What 2 Women in the New Testament Teach Us About Motherhood

Wish you knew some motherhood tips from the Bible? Two women in the New Testament can teach moms so much!

Motherhood has a way of completely changing your world.

You may think you can prepare yourself to become a mom through reading “What to Expect” books and stocking up on diapers and baby clothes and blankets and towels. Yet nothing can prepare you for the tiny person who changes you forever.

Once your tiny, squirming, hungry baby enters the world, you discover that, like it or not, you’re thinking of someone else all.the.time. For years your privacy and sleep disappears as you care for the demands of this other life. Instead of selfishly looking out for yourself (which you may or may not have realized you did), you begin truly looking out for someone else’s interests.

And in the middle of figuring out how to mother this very unique human, you realize God has entrusted this soul with you. It’s your responsibility to teach and train them. Like it or not, you get to shape their world.

A change in perspective

Perhaps it’s because I became a mom well into my 30s, but I was very aware of how my life changed with my children. Before becoming a mom I spent time however I wanted, whether it was enjoying alone time, spending time with my husband or parents or friends, concentrating on my job, and focusing on work around my house.

But once my children entered my life, my focus shifted to them. Even fifteen years later, my life is viewed through the lens of my son and my daughter. What’s best for them? How can I help them? How would any decision affect our family?

Because I choose to view motherhood as a high calling and remember that it’s my responsibility to disciple these two, I try not to take any of it for granted.

Some days, in the middle of mood swings or when selfishness rears its ugly head, this appreciation can feel tricky. But my main perspective is that if God entrusted me with two humans, I need to do my best at being a good steward of them. I need to make the most of my time spent with them.

No matter how old or young our children are, I think we as moms need to remember that we are entrusted with these lives – to nurture and shape and point to Him. It doesn’t matter how old our kids are, or how old we are. That’s what mothers do.

What does the Bible say about mothers?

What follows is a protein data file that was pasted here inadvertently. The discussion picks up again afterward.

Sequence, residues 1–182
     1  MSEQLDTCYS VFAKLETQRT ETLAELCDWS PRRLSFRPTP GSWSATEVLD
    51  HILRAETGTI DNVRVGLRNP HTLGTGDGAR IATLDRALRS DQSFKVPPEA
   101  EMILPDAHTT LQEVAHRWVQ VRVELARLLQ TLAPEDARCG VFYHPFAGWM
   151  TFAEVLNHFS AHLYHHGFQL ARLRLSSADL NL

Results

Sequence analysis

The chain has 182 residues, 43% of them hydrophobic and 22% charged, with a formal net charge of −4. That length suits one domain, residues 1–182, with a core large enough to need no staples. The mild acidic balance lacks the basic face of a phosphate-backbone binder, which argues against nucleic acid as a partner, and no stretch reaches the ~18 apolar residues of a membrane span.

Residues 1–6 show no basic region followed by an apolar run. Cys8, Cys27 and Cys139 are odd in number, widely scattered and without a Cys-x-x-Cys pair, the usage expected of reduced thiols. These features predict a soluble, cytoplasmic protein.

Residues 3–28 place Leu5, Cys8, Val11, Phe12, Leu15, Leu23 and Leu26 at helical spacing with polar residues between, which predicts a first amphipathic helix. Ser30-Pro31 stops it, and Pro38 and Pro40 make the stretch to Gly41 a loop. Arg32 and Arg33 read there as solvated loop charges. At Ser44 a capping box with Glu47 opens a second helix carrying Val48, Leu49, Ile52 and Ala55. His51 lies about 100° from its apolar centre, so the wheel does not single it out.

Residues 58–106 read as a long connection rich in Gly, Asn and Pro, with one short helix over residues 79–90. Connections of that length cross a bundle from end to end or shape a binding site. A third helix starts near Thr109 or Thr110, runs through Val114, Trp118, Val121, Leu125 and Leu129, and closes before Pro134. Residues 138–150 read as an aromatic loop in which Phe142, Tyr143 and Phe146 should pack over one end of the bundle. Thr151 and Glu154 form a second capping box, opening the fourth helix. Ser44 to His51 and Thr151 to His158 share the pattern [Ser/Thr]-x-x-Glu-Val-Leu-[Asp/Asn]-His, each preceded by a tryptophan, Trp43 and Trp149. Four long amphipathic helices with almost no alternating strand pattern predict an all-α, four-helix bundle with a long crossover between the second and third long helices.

As we consider mothering, it’s good to remember the Bible includes many examples of moms, and all are depicted in very real ways. In that reality, imperfection isn’t masked.

Because of that, not all moms found in the Bible should be put on a pedestal. For example:

  • In the Old Testament, Sarah questioned God’s provision and tried to hurry things along by giving her servant Hagar to Abraham for the sake of childbearing. This impatient lapse in judgment and faith produced conflict that God never intended.
  • Sarah’s daughter-in-law Rebekah helped her son Jacob deceive his father Isaac with a disguise. This wasn’t the best lesson a mother could teach her son.
  • And in Jesus’ lifetime, Herodias had an affair with her brother-in-law, Herod. When John the Baptist called out the sin, Herodias counseled her daughter to ask Herod for the head of John the Baptist on a platter. Tragically for John, Herod granted her request.

For all the motherhood mistakes in the Bible, there are mothering victories, too. Consider:

  • Moses’ mom, who disobeyed Egyptian authorities and kept her infant son in hiding to keep him alive.
  • Hannah, who while grieving her infertility, prayed for a child. God heard her prayer, granted her request, and blessed her with a son (and later with other children). Her thanks? She gave her toddler son Samuel back to the Lord to grow up as a servant in the temple.
  • Mary, the mother of Jesus, trusted the Lord completely even when she didn’t understand His will and ways. Before she became the mother of the Son of God she honored Him with her life. Lovingly, she raised her son to adulthood and watched Him minister to others through miracles, die a horrific death, and raise from the dead.

A mother-daughter pair

Since there’s a lot to learn from the great moms in the Bible, let’s focus on two in particular: a mother/daughter pair found in the New Testament. Lois and Eunice are mentioned once, in the Apostle Paul’s second letter to Timothy. In 2 Timothy 1:5, we learn:

“I am reminded of your sincere faith, a faith that dwelt first in your grandmother Lois and your mother Eunice and now, I am sure, dwells in you as well.”

Who was Timothy?

To understand them better, let’s dive into what we know about their grandson and son, Timothy. First of all, he’s introduced in Acts 16:1-3:

“Paul came to Derbe and then to Lystra, where a disciple named Timothy lived, whose mother was Jewish and a believer but whose father was a Greek. The believers at Lystra and Iconium spoke well of him. Paul wanted to take him along on the journey, so he circumcised him because of the Jews who lived in that area, for they all knew that his father was a Greek.”